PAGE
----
The Phoenix After the bombing of the city, Granger compares mankind to a phoenix that burns itself up and then rises out of its ashes over and over again. Man’s advantage is his ability to recognize when he has made a mistake, so that eventually he will learn not to make that mistake anymore. Remembering the mistakes of the past is the task Granger and his group have set for themselves. They believe that individuals are not as important as the collective mass of culture and history. The symbol of the phoenix’s rebirth refers not only to the cyclical nature of history and the collective rebirth of humankind but also to Montag’s spiritual resurrection.
Mirrors At the very end of the novel, Granger says they must build a mirror factory to take a long look at themselves; this remark recalls Montag’s description of Clarisse as a mirror in “The Hearth and the Salamander.” Mirrors here are symbols of self- understanding, of seeing oneself clearly.
Most Commonly Challenged Books A Wrinkle in Time: Madeleine L’Engle To Kill a Mockingbird: Harper Lee Their Eyes were Watching God : Zora Neale Hurston 1984: Beorge Orwell The Adventures of Huckleberry Finn and Tom Sawyer : Mark Twain Beloved and The Bluest Eye: Toni Morrison Brave New World: Aldous Huxley
The Catcher in the Rye: John Go Ask Alice: Anonymous Salinger Goosebumps (series): R.L. Catch-22: Joseph Heller Stine The Chocolate War: Robert Harry Potter (series): J.K. Cormier Rowling A Day No Pigs Would Die: The Great Gatsby: F. Scott Robert Newton Peck Fitzgerald Flowers for Algernon: Daniel Julie of the Wolves: Jean Keyes Craighead George The Giver: Lois Lowry Lord of the Flies: William Golding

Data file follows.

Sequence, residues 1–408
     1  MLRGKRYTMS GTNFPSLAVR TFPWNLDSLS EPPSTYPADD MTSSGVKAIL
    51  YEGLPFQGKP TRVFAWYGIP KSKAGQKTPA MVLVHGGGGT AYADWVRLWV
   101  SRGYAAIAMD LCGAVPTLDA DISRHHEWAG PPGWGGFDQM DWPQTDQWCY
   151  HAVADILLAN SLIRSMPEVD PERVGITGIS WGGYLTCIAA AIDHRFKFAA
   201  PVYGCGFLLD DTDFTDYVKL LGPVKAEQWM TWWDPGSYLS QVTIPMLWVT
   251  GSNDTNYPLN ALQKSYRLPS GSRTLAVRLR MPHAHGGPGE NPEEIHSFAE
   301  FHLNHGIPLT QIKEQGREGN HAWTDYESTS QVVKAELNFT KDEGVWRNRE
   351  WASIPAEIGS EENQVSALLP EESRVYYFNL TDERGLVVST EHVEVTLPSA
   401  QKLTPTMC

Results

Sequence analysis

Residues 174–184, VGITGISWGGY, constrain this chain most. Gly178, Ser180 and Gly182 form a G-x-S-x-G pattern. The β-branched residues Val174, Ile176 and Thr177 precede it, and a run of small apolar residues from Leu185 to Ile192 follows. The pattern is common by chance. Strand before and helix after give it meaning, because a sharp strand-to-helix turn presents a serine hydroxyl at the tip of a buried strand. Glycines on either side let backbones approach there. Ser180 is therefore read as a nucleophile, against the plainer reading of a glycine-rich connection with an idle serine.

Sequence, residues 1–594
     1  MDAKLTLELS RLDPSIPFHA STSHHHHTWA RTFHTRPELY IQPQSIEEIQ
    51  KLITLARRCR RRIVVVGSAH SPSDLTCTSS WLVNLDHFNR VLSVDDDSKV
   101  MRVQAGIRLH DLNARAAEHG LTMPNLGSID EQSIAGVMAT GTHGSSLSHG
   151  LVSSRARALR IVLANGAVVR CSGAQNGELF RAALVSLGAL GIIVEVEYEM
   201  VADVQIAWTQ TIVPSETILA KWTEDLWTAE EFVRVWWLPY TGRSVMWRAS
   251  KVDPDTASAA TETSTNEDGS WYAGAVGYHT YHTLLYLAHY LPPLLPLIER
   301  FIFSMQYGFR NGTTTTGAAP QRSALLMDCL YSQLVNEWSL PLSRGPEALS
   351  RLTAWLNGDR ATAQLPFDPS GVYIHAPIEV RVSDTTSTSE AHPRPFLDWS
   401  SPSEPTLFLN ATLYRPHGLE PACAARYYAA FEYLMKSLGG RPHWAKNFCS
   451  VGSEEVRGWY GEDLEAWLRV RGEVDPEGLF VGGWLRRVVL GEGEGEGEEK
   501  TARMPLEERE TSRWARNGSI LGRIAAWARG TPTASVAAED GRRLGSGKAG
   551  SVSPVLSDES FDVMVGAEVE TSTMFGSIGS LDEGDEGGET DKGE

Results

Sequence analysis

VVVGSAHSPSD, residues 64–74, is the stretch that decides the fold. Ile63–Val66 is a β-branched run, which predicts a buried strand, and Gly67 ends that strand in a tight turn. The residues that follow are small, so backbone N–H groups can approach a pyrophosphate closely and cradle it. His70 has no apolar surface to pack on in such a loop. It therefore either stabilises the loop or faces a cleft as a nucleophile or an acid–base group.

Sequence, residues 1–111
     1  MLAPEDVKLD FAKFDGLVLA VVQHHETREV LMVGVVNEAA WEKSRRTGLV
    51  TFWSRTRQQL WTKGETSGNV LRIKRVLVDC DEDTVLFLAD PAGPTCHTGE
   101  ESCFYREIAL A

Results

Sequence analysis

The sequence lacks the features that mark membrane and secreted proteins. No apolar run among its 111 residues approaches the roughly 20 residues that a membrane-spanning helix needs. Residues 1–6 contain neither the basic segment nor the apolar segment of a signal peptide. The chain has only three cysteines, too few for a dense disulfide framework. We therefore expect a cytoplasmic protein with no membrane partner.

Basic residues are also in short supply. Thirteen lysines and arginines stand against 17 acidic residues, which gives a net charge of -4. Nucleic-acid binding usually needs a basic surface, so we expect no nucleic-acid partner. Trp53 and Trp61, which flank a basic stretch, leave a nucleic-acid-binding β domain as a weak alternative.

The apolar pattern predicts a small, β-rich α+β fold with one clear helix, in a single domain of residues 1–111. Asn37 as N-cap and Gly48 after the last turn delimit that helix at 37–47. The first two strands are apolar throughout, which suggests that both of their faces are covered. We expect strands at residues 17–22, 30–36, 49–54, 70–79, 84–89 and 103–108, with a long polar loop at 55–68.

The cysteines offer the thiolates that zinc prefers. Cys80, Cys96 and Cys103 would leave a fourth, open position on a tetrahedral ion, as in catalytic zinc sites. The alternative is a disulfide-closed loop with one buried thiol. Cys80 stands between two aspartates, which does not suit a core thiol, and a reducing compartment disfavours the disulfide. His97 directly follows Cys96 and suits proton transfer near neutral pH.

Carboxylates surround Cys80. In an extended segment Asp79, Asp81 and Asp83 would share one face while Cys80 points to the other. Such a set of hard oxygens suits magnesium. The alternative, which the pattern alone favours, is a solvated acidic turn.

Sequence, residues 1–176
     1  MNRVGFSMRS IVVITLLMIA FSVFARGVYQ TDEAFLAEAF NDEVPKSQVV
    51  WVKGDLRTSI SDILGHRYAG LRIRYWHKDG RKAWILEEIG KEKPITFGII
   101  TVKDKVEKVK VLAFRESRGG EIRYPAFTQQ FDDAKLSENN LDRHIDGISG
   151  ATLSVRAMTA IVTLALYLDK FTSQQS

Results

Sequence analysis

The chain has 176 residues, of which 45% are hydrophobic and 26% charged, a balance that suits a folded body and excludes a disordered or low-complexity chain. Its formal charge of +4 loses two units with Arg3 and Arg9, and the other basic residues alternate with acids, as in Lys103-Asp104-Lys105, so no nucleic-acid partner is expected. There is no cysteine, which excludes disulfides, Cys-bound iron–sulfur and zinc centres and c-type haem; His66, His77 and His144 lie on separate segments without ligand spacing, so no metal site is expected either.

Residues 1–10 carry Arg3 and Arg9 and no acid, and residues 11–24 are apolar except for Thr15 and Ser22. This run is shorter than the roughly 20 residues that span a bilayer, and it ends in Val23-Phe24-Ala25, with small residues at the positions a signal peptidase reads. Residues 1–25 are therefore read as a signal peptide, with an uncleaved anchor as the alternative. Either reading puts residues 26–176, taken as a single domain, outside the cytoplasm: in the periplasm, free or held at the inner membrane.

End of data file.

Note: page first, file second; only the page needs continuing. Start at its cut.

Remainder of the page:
My Brother Sam is Dead : Summer of my German Soldier: James Lincoln Collier & Bette Greene Christopher Collier The Sun Also Rises: Ernest Of Mice and Men: John Hemingway Steinbeck Are you There God? It’s Me, The Outsiders and That Margaret & Blubber: Judy Blume Was Then, This is Now: S.E. Hinton Black Boy: Richard Wright The Pigman: Paul Zindel I Know Why the Caged Bird Sings: Slaughterhouse-5: Kurt Maya Angelou Vonnegut
Mississippi School District Bans Book on Censorship: "Fahrenheit 451" by Ray Bradbury February 1, 1999 West Marion High School in Foxworth, a rural Mississippi town, is the place where recent events aimed at censorship occurred. The book, Fahenreit 451, was on the reading list for several of the English classes. However, after a parent complained to the superintendent about the use of the word "God damn" in the book, the book was removed from the required reading list. Interestingly, the complaint did not surface until the book report was due -- more than a month after the reading assignment was given.
BannedYOU ARE NOT ALLOWED TO READ THESE BOOKS! Go ahead… I DARE YOU!